The 20th century has made its little intrusions here but you'd be hard to spot them from the porch of the James River Rod and Gun Club.
Outside the slate gray James flows quietly and serenely past the mouth of the Chickahominy, and in the fields behind the aging hunt club cabin blue tick hounds, walkers and redbones are yipping and howling, driving deer to men in the woods.
It is the first day of deer season and little about itis different from the hunts of 35 years ago when families needed meat and a few shooters formed this club to improve everybody's chances of bagging venison.
Over the years the membership has grown and today nearly 100 men and boys mark their calendars to be sure they are part of the deer-week tradition.
Hundreds of pounds of food and supplies are laid in; 32 hounds are readied by veteran "dog man" Milton Van Der Veer; the cooks are chosen, prehunt turkey shoots are organized. Shotguns are oiled and knives are sharpened.
The 5,000 acres of pine forest cut over hard wood stands and briar patches the club leases are thick with fat bucks and does. The deer fed so heavily this summer that some farmers found their soybean patches weren's worth cutting by fall. The whitetails had ravaged the crop before it was ready for the combine. The men will tell you that the deer it. There are the handshakes that tell 78 year old Roy Dunkum that someone will be here to carry on for years to (see Phillips, D6, Col.5) (Phillips, From D1) come; the pats on the back that tell 11-year-old Billy Moore that many have come before.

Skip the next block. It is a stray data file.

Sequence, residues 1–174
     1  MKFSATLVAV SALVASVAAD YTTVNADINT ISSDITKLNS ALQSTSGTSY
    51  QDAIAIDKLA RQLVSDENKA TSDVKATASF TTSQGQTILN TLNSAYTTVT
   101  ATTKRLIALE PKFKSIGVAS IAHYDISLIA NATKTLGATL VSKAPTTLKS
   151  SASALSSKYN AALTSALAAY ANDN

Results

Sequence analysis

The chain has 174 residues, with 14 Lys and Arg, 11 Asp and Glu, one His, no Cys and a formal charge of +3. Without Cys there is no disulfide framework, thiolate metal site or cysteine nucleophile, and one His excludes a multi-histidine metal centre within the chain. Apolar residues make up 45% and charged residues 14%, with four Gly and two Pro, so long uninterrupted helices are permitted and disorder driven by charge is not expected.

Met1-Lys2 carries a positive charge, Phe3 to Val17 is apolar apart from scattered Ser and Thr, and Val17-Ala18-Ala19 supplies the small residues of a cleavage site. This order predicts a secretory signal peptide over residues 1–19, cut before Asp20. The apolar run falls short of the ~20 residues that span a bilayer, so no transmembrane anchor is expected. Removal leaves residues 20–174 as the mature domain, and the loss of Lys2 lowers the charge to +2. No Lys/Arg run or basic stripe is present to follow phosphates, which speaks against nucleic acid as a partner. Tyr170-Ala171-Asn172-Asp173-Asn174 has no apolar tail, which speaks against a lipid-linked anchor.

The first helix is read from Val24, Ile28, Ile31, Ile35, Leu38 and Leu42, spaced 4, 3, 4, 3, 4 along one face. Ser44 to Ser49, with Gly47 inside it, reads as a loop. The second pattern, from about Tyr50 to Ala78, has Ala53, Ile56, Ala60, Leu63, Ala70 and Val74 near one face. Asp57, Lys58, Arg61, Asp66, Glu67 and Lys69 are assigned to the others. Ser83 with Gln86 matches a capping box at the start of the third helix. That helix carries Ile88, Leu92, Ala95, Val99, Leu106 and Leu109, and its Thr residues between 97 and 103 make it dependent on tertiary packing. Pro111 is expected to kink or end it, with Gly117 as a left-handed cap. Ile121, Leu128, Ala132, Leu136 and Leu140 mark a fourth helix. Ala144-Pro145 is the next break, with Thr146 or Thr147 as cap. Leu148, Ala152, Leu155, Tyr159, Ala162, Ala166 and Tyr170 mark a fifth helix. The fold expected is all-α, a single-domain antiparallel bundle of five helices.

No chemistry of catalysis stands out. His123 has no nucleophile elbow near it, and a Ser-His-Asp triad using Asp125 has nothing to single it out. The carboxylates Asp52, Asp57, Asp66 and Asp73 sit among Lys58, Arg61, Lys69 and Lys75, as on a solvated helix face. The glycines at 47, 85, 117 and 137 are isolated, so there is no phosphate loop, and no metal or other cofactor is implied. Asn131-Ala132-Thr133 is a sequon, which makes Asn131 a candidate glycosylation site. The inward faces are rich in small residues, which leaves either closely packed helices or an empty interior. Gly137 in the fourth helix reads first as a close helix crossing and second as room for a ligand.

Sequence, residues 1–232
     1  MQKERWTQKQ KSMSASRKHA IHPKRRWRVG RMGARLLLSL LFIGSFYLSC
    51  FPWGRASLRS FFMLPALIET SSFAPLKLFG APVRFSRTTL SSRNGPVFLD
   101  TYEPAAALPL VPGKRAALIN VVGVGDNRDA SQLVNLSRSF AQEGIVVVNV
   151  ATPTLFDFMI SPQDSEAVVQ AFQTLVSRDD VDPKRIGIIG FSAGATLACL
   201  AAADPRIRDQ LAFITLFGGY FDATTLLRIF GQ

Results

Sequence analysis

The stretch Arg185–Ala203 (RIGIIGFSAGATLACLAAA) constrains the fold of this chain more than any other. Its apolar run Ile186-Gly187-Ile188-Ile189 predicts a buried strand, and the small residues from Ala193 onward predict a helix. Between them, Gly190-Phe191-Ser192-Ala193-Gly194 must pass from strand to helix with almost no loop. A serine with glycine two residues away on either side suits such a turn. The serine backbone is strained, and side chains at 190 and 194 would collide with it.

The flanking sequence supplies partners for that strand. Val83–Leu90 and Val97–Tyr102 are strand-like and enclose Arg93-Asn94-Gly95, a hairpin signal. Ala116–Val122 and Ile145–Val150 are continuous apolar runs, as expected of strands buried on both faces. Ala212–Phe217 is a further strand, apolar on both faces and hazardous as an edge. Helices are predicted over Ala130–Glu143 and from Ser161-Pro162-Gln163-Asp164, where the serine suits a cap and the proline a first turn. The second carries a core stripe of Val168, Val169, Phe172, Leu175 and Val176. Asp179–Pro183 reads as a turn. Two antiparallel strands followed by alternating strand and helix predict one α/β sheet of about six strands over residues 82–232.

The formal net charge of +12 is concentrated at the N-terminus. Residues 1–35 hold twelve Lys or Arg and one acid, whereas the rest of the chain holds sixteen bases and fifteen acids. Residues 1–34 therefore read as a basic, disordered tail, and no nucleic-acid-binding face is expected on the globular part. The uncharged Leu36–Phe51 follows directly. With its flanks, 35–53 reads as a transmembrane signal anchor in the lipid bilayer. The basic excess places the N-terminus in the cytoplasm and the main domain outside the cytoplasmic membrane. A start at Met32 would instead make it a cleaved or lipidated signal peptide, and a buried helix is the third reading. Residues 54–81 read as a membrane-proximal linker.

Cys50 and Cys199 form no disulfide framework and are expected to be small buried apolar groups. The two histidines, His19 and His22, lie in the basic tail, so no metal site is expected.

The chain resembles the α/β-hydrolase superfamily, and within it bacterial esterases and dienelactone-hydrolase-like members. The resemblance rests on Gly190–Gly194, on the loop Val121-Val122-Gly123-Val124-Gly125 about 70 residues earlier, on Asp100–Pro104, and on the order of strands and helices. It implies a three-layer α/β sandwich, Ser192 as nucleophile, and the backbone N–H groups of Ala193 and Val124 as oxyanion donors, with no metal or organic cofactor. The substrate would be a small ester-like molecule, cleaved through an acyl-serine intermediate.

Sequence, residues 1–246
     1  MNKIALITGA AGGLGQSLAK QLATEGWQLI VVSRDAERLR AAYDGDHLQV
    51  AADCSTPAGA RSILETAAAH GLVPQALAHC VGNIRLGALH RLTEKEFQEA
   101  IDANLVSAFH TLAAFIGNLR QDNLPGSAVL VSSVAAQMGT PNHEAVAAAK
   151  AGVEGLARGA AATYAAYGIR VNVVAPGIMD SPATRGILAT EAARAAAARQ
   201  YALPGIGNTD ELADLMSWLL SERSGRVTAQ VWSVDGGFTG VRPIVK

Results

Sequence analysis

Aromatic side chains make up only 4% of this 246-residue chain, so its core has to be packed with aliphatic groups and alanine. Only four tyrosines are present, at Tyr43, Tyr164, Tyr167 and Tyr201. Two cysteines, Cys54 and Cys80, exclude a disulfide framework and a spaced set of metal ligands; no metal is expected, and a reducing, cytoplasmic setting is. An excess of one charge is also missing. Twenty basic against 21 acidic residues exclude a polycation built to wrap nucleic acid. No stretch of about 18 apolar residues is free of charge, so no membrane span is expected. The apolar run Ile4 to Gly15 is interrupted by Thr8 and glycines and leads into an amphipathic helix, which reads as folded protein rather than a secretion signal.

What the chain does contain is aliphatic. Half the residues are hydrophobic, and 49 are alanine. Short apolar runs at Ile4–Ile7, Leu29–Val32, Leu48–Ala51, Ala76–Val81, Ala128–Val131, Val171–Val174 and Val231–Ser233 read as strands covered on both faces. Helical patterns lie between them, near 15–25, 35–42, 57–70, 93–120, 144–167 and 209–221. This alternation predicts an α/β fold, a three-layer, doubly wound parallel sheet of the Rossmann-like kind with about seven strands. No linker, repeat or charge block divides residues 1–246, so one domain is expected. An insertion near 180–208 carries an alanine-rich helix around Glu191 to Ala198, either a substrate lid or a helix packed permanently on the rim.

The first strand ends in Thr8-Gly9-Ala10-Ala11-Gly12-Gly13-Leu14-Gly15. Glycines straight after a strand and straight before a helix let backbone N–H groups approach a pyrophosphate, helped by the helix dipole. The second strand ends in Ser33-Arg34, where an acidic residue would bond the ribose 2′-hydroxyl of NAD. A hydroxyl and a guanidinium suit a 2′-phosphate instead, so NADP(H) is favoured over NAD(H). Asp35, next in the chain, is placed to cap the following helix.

There are rituals that date before some members were born. Shooters who miss their deer have their shirttails snipped off and fork over $1 to the club kitty; the men who kill deer take a hindquarter and the trophy head; the remaining meat is divided among all the humters.
"We run an organized hunt" said club secretary Bob Moore. In 33 years we haven't had an accident."
None, that is, except for the fat man who fell through a tree stand a few years back and banged his ribs. And don't think he won't hear about that for the rest of his days.
But no one has ever been shot. That's saying something when you line four-score shotgunners up in stands no more than 100 yards apart and drive deer to them with men and dogs.
That's how they hunt in Charles City County, and it's a good bit better than across the river in Southampton, where men and dogs have given way to Jeeps and CB radios. "They shoot deer from the road over there," said Johnny Cook.
By noon today the hunters were filtering back to camp, dragging 10 slain bucks and telling tales of 100 more spotted.
While the rich smell of hunters' dinner wafted along with the breeze from the clubhouse, the shooters made their way to the hanging shed.
The bucks were hoisted to the ancient, brown rafters, knives were unsheathed and, the men of the James River Road and Gun Club went to work skinning and dressing the meat. The shooters started the work, but before long there were three or four men around each carcass, cutting and pulling, sawing, kibitzing, helping the old timers and teaching the young.
That's the way it's done on the James. That's the way it has been and the way it will be for deer seasons to come